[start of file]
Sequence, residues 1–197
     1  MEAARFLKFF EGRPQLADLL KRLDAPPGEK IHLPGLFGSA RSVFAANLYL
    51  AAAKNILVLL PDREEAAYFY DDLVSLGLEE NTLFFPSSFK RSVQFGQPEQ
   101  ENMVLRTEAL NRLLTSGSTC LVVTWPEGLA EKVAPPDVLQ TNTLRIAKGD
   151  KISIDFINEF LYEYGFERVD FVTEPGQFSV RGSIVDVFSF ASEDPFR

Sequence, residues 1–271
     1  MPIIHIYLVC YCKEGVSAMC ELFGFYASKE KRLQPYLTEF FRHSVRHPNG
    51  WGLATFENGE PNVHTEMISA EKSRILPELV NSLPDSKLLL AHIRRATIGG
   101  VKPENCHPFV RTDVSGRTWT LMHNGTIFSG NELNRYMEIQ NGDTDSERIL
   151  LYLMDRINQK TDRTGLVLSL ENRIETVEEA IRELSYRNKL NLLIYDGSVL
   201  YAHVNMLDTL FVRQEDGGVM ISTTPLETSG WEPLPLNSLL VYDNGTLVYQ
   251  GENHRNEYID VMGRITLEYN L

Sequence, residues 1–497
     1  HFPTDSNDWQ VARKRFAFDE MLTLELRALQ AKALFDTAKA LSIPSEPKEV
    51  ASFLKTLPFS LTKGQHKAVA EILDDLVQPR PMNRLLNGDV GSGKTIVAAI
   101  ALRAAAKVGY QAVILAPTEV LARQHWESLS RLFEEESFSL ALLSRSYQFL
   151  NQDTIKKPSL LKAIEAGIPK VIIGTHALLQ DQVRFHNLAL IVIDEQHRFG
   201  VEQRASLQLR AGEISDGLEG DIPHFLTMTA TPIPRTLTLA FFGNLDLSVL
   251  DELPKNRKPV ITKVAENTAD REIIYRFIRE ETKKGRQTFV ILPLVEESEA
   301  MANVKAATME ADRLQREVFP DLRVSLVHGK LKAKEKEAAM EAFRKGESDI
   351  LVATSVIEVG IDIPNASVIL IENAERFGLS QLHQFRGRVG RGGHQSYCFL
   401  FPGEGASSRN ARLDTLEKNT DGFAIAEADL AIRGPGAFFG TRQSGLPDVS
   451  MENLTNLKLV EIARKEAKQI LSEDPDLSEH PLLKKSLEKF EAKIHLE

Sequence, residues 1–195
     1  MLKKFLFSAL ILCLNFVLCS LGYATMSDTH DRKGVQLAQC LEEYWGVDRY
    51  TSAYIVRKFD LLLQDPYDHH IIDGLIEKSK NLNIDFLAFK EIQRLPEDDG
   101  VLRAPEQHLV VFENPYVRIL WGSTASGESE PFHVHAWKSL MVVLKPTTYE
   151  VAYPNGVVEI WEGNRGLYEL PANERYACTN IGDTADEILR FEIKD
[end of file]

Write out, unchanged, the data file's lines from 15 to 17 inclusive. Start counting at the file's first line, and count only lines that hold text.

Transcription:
    51  ASFLKTLPFS LTKGQHKAVA EILDDLVQPR PMNRLLNGDV GSGKTIVAAI
   101  ALRAAAKVGY QAVILAPTEV LARQHWESLS RLFEEESFSL ALLSRSYQFL
   151  NQDTIKKPSL LKAIEAGIPK VIIGTHALLQ DQVRFHNLAL IVIDEQHRFG